Dr. Jnanendra Barman
At midnight when the world was sleeping the line was drawn dividing brothers and sisters. Hindus, Sikhs, Christians, Jains, Parsis, Buddhists who did not want to be citizens of an Islamic theocratic state had little choice once the political boundary was drawn. Many did not want to leave their birthplace, so decided to stay there in Pakistan.
Rise of fundamentalist force led to religious persecution of the minority communities. Hindus who constituted 30% of East Pakistan’s (now Bangladesh) population in 1947 declined to 9.7% in 2011. Kushtia Islamic University professor Dr. Rashid Askari observes “This steep decline has mostly resulted from the overall effect of the persecution inflicted on the Hindus over the decades…the people who once constituted one-third of the total population, have been reduced almost to a vanishing breed always threatened with extinction”.
Hindus were the worst hit in 1971. US Senator Edward Kennedy’s report submitted to the Senate committee testifies to the violence committed against the Hindus: “Hardest hit have been members of the Hindu community who have been robbed of their lands and shops, systematically slaughtered, and in some places, painted with yellow patches marked “H”. All of this has been officially sanctioned, ordered and implemented under martial law from Islamabad”.
Healing the wounds left by colonial history and giving shelter and citizenship to the persecuted minorities in Islamic theocratic Pakistan was a national commitment of Indian leadership which remains unfulfilled. Congress Working Committee adopted a resolution on November 25, 1947 declaring that “the Congress is bound to afford full protection to all those non-Muslim from Pakistan who has crossed the border and come over to India or many do so to save their life and honour.”
Mahatma Gandhi on September 26, 1947 declared in a prayer meeting that ‘the Hindus and the Sikhs staying in Pakistan, can come to India by all means, if, they do not wish to continue there. In that case, it is the duty of the Indian Government to give them jobs and make their lives comfortable.” Congress was committed to these people until recently.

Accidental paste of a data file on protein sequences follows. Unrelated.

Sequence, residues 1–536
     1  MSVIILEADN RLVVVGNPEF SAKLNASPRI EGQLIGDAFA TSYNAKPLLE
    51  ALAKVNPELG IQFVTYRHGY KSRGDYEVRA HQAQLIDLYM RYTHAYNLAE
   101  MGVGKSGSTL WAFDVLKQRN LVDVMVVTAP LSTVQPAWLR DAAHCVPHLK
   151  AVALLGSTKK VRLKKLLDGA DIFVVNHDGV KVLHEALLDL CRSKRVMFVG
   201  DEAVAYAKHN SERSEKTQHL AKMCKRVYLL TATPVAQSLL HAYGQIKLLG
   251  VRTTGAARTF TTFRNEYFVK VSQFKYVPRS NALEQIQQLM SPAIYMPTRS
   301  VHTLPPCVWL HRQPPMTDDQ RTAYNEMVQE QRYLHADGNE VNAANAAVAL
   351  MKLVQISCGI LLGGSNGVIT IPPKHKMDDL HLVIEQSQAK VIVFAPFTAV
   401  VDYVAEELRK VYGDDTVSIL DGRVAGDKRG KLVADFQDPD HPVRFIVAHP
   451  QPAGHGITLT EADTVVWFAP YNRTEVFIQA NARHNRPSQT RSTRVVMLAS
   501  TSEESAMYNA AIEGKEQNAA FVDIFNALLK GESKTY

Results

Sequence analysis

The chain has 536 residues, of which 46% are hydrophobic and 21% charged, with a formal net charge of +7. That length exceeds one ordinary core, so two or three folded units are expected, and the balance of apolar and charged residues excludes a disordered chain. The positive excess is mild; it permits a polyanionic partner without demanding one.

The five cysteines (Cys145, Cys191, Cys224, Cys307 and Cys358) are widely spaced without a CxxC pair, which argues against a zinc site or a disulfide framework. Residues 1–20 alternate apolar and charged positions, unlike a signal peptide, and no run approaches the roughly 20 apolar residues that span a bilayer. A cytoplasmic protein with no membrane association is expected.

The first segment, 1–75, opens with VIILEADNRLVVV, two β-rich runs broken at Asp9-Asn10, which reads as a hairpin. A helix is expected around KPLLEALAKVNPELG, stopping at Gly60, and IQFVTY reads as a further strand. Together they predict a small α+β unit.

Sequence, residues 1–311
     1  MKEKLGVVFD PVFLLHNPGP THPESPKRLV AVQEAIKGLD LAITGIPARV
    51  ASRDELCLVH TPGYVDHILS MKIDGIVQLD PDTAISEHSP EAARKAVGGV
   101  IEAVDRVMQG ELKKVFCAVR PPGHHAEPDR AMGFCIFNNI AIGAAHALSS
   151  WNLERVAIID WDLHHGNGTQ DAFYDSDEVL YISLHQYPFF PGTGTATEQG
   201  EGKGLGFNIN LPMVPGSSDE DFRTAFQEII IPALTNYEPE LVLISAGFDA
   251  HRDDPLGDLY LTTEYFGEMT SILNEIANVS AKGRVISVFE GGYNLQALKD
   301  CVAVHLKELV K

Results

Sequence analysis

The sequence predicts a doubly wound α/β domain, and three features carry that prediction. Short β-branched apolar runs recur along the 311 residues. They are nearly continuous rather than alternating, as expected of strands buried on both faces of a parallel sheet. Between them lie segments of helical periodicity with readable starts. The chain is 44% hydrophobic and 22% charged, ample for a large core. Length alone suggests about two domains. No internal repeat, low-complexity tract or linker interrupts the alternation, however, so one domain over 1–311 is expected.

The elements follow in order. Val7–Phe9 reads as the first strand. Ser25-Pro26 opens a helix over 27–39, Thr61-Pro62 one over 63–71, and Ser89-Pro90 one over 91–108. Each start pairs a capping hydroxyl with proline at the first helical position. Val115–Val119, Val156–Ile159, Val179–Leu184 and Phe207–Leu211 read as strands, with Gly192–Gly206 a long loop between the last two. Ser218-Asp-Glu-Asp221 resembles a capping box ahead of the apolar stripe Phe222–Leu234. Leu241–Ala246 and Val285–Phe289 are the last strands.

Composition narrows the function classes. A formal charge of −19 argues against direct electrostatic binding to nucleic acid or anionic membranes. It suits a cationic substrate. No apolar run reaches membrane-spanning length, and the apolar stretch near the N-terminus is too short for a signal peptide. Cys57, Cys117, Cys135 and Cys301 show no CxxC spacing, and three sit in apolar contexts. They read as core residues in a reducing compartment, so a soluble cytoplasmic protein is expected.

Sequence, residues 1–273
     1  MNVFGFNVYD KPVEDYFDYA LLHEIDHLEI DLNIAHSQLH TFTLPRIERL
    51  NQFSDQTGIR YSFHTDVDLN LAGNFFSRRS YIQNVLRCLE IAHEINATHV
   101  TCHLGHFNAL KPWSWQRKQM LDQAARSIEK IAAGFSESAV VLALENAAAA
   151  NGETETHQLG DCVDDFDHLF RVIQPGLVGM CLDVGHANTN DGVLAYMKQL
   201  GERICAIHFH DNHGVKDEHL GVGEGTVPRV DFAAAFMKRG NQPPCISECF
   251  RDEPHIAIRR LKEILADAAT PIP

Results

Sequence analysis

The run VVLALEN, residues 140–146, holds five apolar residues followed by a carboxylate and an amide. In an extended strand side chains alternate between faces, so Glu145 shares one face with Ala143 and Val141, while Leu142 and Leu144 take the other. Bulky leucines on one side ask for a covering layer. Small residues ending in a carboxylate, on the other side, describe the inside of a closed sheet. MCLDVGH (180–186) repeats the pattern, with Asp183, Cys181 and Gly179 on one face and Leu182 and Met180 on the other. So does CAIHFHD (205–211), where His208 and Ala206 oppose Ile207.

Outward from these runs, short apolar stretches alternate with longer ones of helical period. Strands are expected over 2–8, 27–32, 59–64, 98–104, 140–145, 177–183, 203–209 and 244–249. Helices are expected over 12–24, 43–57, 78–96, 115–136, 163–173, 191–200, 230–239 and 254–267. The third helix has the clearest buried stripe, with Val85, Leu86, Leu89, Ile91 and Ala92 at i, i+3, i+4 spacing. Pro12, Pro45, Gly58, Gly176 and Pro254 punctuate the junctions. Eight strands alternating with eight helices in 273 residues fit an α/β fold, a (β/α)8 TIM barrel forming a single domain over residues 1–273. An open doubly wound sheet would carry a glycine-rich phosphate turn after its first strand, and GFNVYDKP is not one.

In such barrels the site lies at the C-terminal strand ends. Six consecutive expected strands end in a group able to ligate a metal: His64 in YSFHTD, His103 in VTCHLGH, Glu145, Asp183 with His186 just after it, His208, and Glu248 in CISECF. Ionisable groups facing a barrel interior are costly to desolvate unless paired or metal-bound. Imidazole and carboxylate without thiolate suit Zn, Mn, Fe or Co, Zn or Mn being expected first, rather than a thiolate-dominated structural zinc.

Manmohan Singh as leader of the Opposition in the Rajya Sabha maintained on December 18th, 2003 that the minorities in countries like Bangladesh have faced persecution and it is our moral obligation, that, if circumstances force people, these unfortunate people, to seek refuge in our country, approach to granting citizenship to these unfortunate persons should be more liberal.
The Citizenship Amendment Bill, 2019 proposes to give citizenship to those persecuted people from Pakistan, Afghanistan, and Bangladesh who have been staying in India for more than 6 years till 31st Dec 2014.
Today, Congress and other so-called liberals are opposing the move. Some ethnic groups from Assam are also opposing on the ground that it may pose a threat to the linguistic identity of the Assamese once Bengali Hindus pour into the state. But the census report reveals that the Hindu population in Assam declined from 72.5% in 1971 to 61.5% in 2011; It clearly indicates there was no Hindu Bengali migration during the period which otherwise should have increased.
Of those who came prior to 1971, some six lakhs Bengali Hindus’ names have been left out of the NRC because the Supreme court rejected the migration certificate as a valid document to claim one’s citizenship. The migration certificate was issued by the central Govt in 1956 who came to India in the aftermath of partition. On the other hand, Muslim population witnessed a sharp rise from 24% in 1971 to 34% in 2011. Vote bank politics has added complexity to the issue now which was otherwise a consensus.
(Author is HoD, Dept of English, Mahapurusha Srimanta Sankaradeva Viswavidyalaya, Guwahati)